My brain burst into full-blown mania in 2014, at age 58. This “late onset bipolar disorder” is rare, with only about five percent of diagnosed cases occurring this late in life. I may have had undiagnosed bipolar disorder earlier, but there were no symptoms that were recognizable to myself or others, until I was 58. In retrospect however, there were warning signs for more than a decade.
It is likely that before diagnosis, bipolar lifted me up for most of my life and helped make me more successful than would otherwise have been the case. My extraordinary energy, drive, enthusiasm and extroversion were key to my high achievements as a student, athlete and leader. But after a tumultuous ride, and a life of mostly strong achievement, it eventually brought me down. Thankfully, I’ve come back strong.
In a way, this story depicts a person of high achievement who was on top of the world – a kind of “superman”, indestructible and flying high – whose brain blew up, causing him to crash into many pieces; followed up by him, with much help, putting his life back together.
Even up until the end when I was in acute mania in 2014, it was very tricky for everyone – myself, family, work colleagues – to differentiate between the “normal” Gregg Martin, “hypomanic” Gregg Martin, and even “full-blown manic” Gregg Martin; and the same was also true regarding the depressive side of the bipolar.
There are often no clear lines between personality and the various stages of the disease as it progresses. Bipolar disorder can hide itself in and among normal, healthy personality traits. It frequently masks itself, making it devilishly difficult for doctors and other concerned individuals to detect and diagnose it.
As bad as my situation was, I had an extraordinary safety net and supportive family. Many who are struck by this devastating disorder are not even close to being so fortunate. They go from being confused, lonely and poor, to being broken, penniless and in jail…or dead.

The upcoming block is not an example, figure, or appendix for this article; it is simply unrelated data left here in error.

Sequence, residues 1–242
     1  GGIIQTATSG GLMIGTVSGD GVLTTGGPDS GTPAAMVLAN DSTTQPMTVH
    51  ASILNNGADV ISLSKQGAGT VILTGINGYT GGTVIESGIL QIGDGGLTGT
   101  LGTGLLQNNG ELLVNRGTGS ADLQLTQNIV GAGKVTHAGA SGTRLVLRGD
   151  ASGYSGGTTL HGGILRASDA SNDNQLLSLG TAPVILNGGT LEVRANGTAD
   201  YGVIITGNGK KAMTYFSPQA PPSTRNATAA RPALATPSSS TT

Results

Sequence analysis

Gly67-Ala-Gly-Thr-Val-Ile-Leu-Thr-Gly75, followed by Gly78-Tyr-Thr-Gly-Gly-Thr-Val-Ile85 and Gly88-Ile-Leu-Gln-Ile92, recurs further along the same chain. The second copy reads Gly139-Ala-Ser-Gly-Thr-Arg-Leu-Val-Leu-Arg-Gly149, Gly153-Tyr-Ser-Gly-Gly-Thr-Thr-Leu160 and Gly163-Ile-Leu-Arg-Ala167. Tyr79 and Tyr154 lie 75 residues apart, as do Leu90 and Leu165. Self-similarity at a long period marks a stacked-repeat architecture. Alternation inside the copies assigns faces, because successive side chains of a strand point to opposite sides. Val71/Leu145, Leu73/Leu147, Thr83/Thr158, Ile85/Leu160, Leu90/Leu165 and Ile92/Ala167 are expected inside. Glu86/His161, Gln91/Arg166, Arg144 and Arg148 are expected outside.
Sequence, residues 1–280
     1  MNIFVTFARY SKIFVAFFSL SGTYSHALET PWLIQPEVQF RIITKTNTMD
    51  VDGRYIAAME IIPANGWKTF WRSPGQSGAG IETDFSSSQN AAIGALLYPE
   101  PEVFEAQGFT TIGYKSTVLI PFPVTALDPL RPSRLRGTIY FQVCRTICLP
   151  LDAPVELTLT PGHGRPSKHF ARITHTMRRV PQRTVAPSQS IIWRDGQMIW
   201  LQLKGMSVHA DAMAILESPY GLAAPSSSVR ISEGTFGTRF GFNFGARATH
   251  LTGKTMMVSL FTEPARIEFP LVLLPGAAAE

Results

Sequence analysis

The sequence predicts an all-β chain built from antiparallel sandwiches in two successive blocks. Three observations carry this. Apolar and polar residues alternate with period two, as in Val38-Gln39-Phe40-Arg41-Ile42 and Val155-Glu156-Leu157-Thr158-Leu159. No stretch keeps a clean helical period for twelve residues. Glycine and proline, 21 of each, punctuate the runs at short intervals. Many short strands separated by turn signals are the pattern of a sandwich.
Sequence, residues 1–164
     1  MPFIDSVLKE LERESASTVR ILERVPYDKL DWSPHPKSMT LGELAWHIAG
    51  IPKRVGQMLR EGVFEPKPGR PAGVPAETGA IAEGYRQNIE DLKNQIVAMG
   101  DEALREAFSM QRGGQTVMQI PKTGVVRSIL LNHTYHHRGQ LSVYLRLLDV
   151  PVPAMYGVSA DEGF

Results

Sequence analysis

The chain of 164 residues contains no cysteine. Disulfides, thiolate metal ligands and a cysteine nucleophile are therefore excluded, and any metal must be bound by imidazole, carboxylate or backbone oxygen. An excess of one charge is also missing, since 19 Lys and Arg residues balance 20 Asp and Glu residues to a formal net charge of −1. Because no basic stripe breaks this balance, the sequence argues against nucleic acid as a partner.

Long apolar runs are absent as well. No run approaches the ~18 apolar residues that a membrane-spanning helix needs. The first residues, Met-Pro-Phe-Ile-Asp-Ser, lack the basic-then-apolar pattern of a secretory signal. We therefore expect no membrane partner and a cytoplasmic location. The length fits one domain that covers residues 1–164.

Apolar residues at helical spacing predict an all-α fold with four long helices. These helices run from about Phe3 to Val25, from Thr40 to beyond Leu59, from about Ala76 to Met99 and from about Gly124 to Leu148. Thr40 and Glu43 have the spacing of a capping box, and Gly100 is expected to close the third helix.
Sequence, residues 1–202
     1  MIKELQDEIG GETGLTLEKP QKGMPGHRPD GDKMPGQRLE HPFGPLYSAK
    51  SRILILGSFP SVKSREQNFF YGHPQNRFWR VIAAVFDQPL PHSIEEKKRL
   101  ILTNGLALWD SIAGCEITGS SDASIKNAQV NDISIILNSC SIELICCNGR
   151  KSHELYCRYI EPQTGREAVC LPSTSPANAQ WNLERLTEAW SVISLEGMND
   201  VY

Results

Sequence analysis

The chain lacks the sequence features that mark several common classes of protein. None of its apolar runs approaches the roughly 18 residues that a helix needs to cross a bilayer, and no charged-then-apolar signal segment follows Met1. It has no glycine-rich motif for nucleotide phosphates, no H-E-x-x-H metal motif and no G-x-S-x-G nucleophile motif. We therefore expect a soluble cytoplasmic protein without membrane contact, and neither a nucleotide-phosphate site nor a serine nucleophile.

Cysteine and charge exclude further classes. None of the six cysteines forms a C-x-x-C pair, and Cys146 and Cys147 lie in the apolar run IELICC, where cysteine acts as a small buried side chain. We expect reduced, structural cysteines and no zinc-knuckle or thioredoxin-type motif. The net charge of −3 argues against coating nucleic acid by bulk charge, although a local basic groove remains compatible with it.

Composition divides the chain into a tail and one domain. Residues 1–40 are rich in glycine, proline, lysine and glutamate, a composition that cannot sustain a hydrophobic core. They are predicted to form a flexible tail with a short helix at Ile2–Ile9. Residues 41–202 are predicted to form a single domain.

The Effects of Bipolar on Others
Nor does bipolar disorder limit itself to the afflicted individual. More often than not, it becomes a family affair and often a community affair – “no man is an island.” The impact on others can be destructive. Bipolar ravages in big, wide swaths as it indiscriminately shreds marriages, families, friendships, emotions, careers, finances and more. It can be deadly and destructive. Like many with bipolar disorder, I became a kind of human wrecking ball.
It pushed our family relationships right to the edge of breaking. They were painfully stressed and strained; and figuratively bloody, scraped and bruised. If my family relationships were like the victims of a serious car crash, there would be shock and confusion, concussions, lacerations, bleeding, sprains, contusions, broken bones and some internal organ damage. We came almost to the breaking point of irreparable damage.
Thankfully my marriage and family relationships survived the experience, healed over time, and have been continually strengthened in recent years; they’re probably as strong as I can recall. I’ve been truly fortunate and blessed to have such a caring, concerned and loving family – my wife and three sons – who stuck with me, never gave up on me, and didn’t walk away. My two sons who have also been diagnosed with bipolar disorder have been especially helpful and empathetic, given their own situation. Bipolar disorder has provided a powerful common bond that we never expected and would never ask for. But in its own unusual way, it has brought us closer together, and proven to be a unique, though unwanted, blessing.